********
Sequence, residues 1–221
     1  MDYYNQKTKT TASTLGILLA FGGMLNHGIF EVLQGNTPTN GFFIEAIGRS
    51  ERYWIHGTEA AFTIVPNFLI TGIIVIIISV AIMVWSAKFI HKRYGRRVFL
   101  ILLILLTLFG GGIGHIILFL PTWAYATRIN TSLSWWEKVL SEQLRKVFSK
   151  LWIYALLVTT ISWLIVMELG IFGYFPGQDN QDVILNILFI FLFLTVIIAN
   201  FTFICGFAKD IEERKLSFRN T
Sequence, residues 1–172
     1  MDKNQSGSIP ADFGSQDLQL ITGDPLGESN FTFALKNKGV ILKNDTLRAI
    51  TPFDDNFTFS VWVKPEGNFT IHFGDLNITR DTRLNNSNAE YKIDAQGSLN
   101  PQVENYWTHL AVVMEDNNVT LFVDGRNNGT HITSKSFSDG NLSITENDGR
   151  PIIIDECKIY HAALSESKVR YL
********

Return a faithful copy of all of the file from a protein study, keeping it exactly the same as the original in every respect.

Sequence, residues 1–221
     1  MDYYNQKTKT TASTLGILLA FGGMLNHGIF EVLQGNTPTN GFFIEAIGRS
    51  ERYWIHGTEA AFTIVPNFLI TGIIVIIISV AIMVWSAKFI HKRYGRRVFL
   101  ILLILLTLFG GGIGHIILFL PTWAYATRIN TSLSWWEKVL SEQLRKVFSK
   151  LWIYALLVTT ISWLIVMELG IFGYFPGQDN QDVILNILFI FLFLTVIIAN
   201  FTFICGFAKD IEERKLSFRN T
Sequence, residues 1–172
     1  MDKNQSGSIP ADFGSQDLQL ITGDPLGESN FTFALKNKGV ILKNDTLRAI
    51  TPFDDNFTFS VWVKPEGNFT IHFGDLNITR DTRLNNSNAE YKIDAQGSLN
   101  PQVENYWTHL AVVMEDNNVT LFVDGRNNGT HITSKSFSDG NLSITENDGR
   151  PIIIDECKIY HAALSESKVR YL